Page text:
My favourite places in Berlin
Old forstery, zoo, 'Oberbaumbrücke' - the photographer's favourite places in Berlin.
With space for 22 012 visitors the largest football stadium in Berlin is surprisingly unknown to most locals. But this arena, opened in the 1920s for the 1. FC Union Berlin, is a true gem. There are regular tours available for fans, giving visitors an exclusive glimpse into the history of the team and its stadium. Special viewings of the games or private events can also be organised by the experienced team, with in-house catering also on offer.
© Images: Reinaldo Coddou H.
© Images: Weinert & Partner / Zoo Berlin
Am Tierpark 125 / Friedrichsfelde
Daily from 9 am to 5 pm
The East’s answer to the West’s Zoologischer Garten, the Tierpark has long been an institution in the city. In the GDR, the park was already enormous, and it is still being expanded today. Approximately 7 500 animals of 900 different species are kept in the enclosures and exhibits across the 160-hectare gardens.
The small palace on the grounds, built in 1695 and previously used as a stable, can be visited. Today, it belongs to the Stiftung Stadtmuseum Berlin. The Tierpark is home to some rare specimens like the endangered Sumatran Tiger and African elephants, which have been successfully bred in captivity here.
© Image: Andrey Danilovich/iStockphoto LP.
An icon for the Friedrichshain-Kreuzberg neighbourhood and a silent witness to time, this red brick bridge has stood through many of the different periods of Berlin’s history since its construction in 1895.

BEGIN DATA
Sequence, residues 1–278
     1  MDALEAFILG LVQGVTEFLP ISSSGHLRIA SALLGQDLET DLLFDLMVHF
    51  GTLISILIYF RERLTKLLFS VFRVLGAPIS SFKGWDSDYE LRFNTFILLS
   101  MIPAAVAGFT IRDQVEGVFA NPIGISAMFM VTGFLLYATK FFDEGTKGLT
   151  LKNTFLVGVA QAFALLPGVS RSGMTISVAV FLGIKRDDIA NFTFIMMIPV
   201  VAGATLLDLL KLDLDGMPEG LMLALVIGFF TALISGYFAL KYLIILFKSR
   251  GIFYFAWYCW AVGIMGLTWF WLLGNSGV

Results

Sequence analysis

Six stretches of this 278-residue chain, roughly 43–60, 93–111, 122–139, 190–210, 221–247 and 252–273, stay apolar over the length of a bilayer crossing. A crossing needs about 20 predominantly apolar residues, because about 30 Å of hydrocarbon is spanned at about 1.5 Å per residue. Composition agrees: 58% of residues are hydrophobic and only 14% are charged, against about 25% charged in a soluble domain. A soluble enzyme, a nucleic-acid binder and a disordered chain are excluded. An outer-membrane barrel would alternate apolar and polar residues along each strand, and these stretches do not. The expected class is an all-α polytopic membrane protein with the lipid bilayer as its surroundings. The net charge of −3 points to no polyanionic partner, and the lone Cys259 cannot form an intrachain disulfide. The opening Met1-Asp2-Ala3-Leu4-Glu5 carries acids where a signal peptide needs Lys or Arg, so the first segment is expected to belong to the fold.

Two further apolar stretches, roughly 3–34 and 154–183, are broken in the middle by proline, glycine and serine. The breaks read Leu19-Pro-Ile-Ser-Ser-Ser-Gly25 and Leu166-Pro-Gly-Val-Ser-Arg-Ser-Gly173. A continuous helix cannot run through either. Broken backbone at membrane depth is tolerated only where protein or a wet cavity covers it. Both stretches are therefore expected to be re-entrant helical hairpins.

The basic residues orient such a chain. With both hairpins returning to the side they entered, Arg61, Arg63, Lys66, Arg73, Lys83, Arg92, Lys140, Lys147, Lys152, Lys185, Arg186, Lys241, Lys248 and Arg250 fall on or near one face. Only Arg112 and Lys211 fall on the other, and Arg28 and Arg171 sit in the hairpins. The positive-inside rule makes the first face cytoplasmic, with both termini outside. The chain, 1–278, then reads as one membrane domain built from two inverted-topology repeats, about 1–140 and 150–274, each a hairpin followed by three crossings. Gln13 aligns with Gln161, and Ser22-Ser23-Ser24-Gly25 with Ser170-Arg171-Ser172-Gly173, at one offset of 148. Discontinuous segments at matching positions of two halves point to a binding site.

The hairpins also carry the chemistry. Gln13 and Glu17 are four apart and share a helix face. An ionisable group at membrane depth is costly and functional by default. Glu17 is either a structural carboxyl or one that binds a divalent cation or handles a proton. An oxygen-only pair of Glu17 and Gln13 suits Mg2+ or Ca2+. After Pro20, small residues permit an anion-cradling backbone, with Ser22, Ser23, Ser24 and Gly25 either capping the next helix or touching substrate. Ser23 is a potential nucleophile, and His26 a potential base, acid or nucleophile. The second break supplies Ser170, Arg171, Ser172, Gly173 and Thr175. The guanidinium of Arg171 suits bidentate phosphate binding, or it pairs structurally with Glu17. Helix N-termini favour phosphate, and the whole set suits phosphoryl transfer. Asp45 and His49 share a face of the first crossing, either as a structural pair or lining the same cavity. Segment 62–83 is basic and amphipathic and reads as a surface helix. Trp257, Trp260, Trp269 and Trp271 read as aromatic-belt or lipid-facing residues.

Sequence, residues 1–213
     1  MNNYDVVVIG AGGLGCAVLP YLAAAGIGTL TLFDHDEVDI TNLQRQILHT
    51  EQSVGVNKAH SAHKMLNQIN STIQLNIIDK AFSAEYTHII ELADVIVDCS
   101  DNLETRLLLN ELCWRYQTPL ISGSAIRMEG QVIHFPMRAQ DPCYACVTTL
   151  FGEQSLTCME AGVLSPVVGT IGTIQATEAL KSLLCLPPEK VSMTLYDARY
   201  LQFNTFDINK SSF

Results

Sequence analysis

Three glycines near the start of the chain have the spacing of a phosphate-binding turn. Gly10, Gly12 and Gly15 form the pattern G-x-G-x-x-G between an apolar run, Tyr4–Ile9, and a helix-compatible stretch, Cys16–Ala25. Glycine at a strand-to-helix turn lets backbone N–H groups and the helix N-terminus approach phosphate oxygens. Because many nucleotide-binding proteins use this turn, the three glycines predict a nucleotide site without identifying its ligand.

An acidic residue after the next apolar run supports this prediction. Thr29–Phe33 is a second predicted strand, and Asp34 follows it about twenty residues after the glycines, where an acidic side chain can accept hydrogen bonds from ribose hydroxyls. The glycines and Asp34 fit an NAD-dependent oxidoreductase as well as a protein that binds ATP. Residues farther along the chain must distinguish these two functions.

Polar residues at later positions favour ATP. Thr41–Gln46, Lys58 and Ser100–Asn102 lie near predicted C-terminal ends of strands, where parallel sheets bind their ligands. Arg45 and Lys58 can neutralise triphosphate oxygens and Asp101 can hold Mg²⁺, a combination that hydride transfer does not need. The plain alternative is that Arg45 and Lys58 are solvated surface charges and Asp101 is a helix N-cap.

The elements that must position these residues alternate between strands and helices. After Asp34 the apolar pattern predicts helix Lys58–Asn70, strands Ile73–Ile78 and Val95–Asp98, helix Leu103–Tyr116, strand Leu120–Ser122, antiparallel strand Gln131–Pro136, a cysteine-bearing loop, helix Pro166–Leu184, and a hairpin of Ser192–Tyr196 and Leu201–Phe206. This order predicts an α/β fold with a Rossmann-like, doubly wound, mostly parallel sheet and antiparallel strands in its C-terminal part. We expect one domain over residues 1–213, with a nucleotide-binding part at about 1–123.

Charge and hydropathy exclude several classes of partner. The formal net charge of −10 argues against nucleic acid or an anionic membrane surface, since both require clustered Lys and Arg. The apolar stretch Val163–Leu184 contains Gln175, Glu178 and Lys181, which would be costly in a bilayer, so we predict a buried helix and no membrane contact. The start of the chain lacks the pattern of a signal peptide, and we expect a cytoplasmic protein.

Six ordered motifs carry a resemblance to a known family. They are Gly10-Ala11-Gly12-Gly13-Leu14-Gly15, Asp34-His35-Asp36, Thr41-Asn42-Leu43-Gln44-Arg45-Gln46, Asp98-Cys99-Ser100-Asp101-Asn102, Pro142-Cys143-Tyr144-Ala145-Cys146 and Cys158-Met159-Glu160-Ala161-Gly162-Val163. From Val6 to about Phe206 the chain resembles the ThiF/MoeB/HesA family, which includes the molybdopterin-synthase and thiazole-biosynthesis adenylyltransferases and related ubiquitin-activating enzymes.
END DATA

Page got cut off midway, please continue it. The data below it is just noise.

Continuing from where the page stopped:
It served as a connection point between East and West Berlin. After renovations in 1995, the bridge was restored to its former glory, enhanced by a centrepiece by Santiago Calatrava. It’s hardly possible to imagine Berlin’s panorama without it today, and it has even made it onto the big screen in the movies “Run Lola Run” and “Unknown Identity.”
Indochine Restaurant „Lemon Leaf“
Grünberger Straße 69 / Friedrichshain
Daily from noon to midnight
Laotian, Cambodian, Vietnamese and Thai specialties on one menu surely sounds a bit odd, but this “Indochine restaurant” succeeds in taking diners on a culinary journey throughout Southeast Asia.
The menu gives great alternatives to the typical red, green and yellow curries, serving traditional dishes with fresh ingredients and almost exclusively homemade sauces. You will find familiar flavours like ginger and lemongrass, as well as unusual creations with pumpkin, roasted sticky rice or Khi Lek (Siamese cassia leaves with a cinnamon aroma).
© Image: Raphael Guillou
© Image: Cristina Cipriani
Hufelandstraße 36 / Prenzlauer Berg
Daily from 5 pm to 11 pm
Giuseppe Longo grew up in a southern Italian cooking school, where his mother Camilla taught him all of the staples of the Italian kitchen early on. With this experience, he has been serving guests in Berlin since 2011.
Authentic pizza from his self-made stone oven will pass the Neapolitan test, which involves folding the pizza into quarters (portafoglio). If it neither tears nor falls apart, then it is authentic Italian. Just like the host.
Bötzowstraße 41 / Prenzlauer Berg
Mon–Sat 7.30 am to 6.30 pm
Sun 8.30 am to 6.30 pm
Reinaldo Coddou’s South American roots and his passion for photography takes him to Brazil quite often. For a bit of exotic good vibes in the often-grey Berlin, this little shop, which translates to “small coffee,” aides in picking up the mood.
Coffee is brewed here using beans from Brazil, and is served alongside Pastel de Nata or a piece of corncake. Fresh-pressed juices, available with a shot of acai make real vitamin bombs. With a pinch of samba rhythms they are the best way to get started in the day, or as a pick-me-up in between.
© Image: Reinaldo Coddou H.